Particle Swarm Optimization (PSO) is a stochastic optimization approach inspired by the behavior of flocks of birds or swarms of insects. It solves problems by having a population of candidate solutions, here called particles, and moving these particles around the search space according to simple mathematical formulae.
Imagine you and your friends are playing a game in a big park where you have to find a treasure. Each of you starts looking in different places. If a friend finds a clue, they shout, and everyone moves closer to that friend, still looking around. You all keep doing this—calling others over when you find a good clue—until finally one of you finds the treasure. Particle Swarm Optimization works just like this game, but instead of you and your friends, there are ‘particles’, and the treasure they’re looking for is the best solution to a problem.
Particle Swarm Optimization is a paradigm of swarm intelligence, a subfield of AI inspired by the collective behaviors of social colonies or swarms such as birds, ants, or bees. It is essentially a stochastic, population-based optimization algorithm designed to locate the best solutions in a multidimensional search space.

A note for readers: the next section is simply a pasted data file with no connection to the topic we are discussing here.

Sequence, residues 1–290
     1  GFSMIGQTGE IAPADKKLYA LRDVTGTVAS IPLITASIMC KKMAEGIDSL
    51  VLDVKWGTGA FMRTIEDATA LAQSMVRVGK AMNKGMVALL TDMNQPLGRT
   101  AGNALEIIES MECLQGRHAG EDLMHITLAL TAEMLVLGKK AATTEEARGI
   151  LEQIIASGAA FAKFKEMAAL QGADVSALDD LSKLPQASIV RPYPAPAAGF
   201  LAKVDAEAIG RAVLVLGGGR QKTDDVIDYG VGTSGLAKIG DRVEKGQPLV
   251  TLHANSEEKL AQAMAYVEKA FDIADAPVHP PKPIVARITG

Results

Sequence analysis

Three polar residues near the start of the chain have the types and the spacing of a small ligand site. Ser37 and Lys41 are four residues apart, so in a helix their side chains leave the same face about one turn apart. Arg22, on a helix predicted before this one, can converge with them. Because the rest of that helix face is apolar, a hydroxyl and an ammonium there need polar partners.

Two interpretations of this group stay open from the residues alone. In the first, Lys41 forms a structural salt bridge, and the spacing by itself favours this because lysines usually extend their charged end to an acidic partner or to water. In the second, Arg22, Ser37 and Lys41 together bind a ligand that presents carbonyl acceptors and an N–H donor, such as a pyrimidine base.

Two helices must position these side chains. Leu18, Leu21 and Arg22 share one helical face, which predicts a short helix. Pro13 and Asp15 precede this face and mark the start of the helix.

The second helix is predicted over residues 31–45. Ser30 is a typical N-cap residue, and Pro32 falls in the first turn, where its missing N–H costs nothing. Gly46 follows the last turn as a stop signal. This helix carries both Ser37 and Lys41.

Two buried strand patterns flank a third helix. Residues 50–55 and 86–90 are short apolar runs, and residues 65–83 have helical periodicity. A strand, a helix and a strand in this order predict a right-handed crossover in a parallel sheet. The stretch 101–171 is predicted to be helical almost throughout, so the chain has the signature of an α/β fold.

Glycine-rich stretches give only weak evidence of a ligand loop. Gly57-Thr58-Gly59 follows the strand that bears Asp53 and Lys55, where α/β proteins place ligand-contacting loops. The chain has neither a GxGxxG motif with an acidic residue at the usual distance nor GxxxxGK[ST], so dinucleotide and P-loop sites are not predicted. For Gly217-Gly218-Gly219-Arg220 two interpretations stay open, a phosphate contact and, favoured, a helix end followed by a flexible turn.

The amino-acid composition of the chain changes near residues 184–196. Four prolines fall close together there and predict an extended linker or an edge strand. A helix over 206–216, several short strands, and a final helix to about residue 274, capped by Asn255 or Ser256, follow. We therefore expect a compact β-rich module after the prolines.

At the beginning of the PSO algorithm, a swarm of particles is randomly initiated in the design space, each representing a potential solution. Each particle keeps track of its coordinates in the problem space which are associated with the best solution (fitness) it has achieved so far. This value is called ‘personal best’ or ‘pbest’.
Another best value tracked by the global version of PSO is the best solution (fitness) obtained so far by any particle in the whole population. This globally best value is called ‘global best’ or ‘gbest’.
In each iteration of the algorithm, for every particle in the swarm, new velocities towards the pbest and gbest positions are calculated using certain formulae. This velocity determines the next position of the particle in the design space. Hence, the swarm gradually converges towards the regions of the search space with the highest fitness.
The algorithm balances exploration (searching a larger area for alternative solutions) with exploitation (zooming in around a currently known best solution). This balance is key to helping avoid getting stuck in suboptimal solutions or endlessly exploring without converging to an answer, common pitfalls in other optimization methods.
The PSO algorithm is widely applied in various fields such as function optimization, neural network training, and fuzzy system control due to its simplicity of implementation, computational efficiency, and robustness.